* No 8,000 MW cap on incentives, but annual caps from June
* Current incentive scheme to be replaced from June
* Limits will be put on farmland use for solar plants
* Italian associations concerned, could appeal
(Adds reaction in 7th and final paragraphs)
By Alberto Sisto
ROME, March 3 (Reuters) - Italy removed a much feared cap on incentives for solar power production on Thursday when it set new rules for renewable energy, but other measures in the package could slow down solar growth.
A new renewable energy decree, part of the European Union’s efforts to fight climate change, removed an 8,000 megawatt limit on photovoltaic production incentives, which had been expected to rein in galloping growth of the Italian sector.
The cap had been included in a previous draft of the decree seen by Reuters.
“No cut, no cap, no stop to the manufacturing sector development has ever been envisaged,” Industry Minister Paolo Romano said in a statement, adding the decree aimed to boost productivity in the renewable energy sector and offset financial speculation, which weighs on Italian power bills.
Italy’s solar market has boomed since 2007, when some of Europe’s most generous production incentives were launched.
It has attracted the world’s biggest PV module makers such as China’s Suntech Power Holdings Co STP.N, Trina TSL.N, Yilgli Green Energy (YGE.N) and U.S. firm First Solar (FSLR.O), whose shares were up about 2 percent in early trading in New York.
Six associations representing solar operators said in a joint statement, however, they were concerned about the “grave consequences” the decree would have on the photovoltaic sector. [ID:nWEB3430]
The current solar power incentives, which originally were supposed to run to 2013 with a gradual reduction of support, will apply only to plants that connect to the grid by the end of May, according to the text of the decree approved by the government and obtained by Reuters.
Italy’s government will draft a new support scheme by the end of April for plants that connect to the grid after June 1, which will set a annual cap on the cumulative capacity eligible for incentives.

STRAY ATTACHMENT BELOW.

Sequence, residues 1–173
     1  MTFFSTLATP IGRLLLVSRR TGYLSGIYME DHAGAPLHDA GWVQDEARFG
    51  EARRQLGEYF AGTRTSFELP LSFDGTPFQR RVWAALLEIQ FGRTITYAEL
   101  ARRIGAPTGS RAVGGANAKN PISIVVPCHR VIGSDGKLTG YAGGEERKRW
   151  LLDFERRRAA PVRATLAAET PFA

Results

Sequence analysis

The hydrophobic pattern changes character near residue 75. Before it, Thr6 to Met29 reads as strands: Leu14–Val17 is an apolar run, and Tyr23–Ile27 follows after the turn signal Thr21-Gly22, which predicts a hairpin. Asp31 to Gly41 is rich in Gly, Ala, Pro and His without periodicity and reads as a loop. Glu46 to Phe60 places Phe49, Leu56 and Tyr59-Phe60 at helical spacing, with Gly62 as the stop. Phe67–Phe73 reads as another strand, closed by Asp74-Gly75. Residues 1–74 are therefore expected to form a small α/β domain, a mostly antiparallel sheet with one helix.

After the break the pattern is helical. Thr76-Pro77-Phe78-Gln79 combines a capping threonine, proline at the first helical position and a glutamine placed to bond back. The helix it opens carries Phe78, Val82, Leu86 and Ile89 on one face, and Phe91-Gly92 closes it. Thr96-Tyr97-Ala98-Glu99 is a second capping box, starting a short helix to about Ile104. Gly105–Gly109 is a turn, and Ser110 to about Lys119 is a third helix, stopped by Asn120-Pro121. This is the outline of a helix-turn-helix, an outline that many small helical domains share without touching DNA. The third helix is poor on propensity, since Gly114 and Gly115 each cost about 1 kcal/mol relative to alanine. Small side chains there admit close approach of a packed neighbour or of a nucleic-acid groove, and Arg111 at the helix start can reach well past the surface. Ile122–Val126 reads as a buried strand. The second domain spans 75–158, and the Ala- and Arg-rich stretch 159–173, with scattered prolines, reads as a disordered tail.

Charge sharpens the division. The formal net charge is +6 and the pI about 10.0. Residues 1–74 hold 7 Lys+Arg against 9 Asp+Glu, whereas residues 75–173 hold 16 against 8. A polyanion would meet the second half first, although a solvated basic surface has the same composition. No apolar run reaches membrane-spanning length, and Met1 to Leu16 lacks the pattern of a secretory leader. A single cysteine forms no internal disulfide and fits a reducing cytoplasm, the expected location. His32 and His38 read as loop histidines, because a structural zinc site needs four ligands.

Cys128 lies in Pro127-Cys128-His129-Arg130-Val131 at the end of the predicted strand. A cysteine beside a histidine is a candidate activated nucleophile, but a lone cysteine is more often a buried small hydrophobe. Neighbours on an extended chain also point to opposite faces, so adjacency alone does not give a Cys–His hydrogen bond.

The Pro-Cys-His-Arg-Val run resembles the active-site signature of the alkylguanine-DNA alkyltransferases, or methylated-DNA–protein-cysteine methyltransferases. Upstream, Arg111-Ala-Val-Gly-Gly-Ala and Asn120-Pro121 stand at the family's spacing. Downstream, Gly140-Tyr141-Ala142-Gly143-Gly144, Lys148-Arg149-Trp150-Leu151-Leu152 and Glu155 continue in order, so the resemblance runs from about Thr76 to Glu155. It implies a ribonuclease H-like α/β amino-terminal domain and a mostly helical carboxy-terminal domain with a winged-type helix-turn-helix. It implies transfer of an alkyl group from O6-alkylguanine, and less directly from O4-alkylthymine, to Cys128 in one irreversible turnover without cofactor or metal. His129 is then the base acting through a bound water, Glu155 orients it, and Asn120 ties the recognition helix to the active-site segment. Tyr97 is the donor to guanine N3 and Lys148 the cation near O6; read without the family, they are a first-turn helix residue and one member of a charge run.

“Making adjustments to funding is the right step. Prices in the small roof-top system segment in Italy ... are much higher than those in other European countries such as Germany, Spain or France,” said Markus Hoehner, CEO of Bonn-based EuPD Research.
Solar incentive cuts in Italy come after similar steps in Germany and Spain, Europe’s renewable energy leaders.
“Europe is going to slow down as a growth engine,” said Rob Stone, a solar analyst with Cowen & Co in Boston.
Shares in German solar companies were little changed after the news, with SolarWorld SWVG.DE, Q-Cells QCEG.DE, SMA Solar (S92G.DE) and Phoenix Solar (PS4G.DE) between 0.1 to 2.9 percent higher on the day.
“It’s kind of a mixed bag,” Stone said of the new decree. Removal of the cap as well as limits on farmland use, instead of a ban on big installations, are positive elements, he added.
Under pressure from the farming lobby, the decree has set limits on the use of farmland for solar plants, saying they should not exceed 1 MW of capacity to qualify for incentives and should not take up more than 10 percent of the land.
“The timing of the change is sooner than people had expected,” Stone said, as many market watchers had predicted that changes in feed-in-tariffs, a key support mechanism, would not be implemented until September or October.
Milder-than-feared changes in Italy should be a relief for SunPower Corp SPWRA.O, which is developing some large projects there, and for Suntech and Trina, which distribute modules.
The declines in the feed-in tariff will help push down module prices in the second half of the year, and that could benefit utility-scale project developers in the United States such as SunPower and First Solar, analysts said.
But Italian solar power project developers feared investments in the sector would stop and bank financing freeze because of a sudden change in the rules of the game.
”It is a tragedy for the photovoltaic sector,“ said one renewable industry source. ”The incentive plan, which was meant to run for three years, will run only a few months. It will block all investments. A lot of companies will go bankrupt because they will not be able to pay back bank financing.
In a joint statement associations Aper, Assosolare, Asso Energie Future, Ises, Grid Parity Project and Gifi said they would appeal to Italy’s president not to sign the decree if they were to find parts of it could be unconstitutional.
Reporting by Alberto Sisto and Stefano Bernabei in Rome, Stephen Jewkes and Svetlana Kovalyova in Milan, Matt Daily in New York, Christoph Steitz in Frankfurt, editing by Jane Baird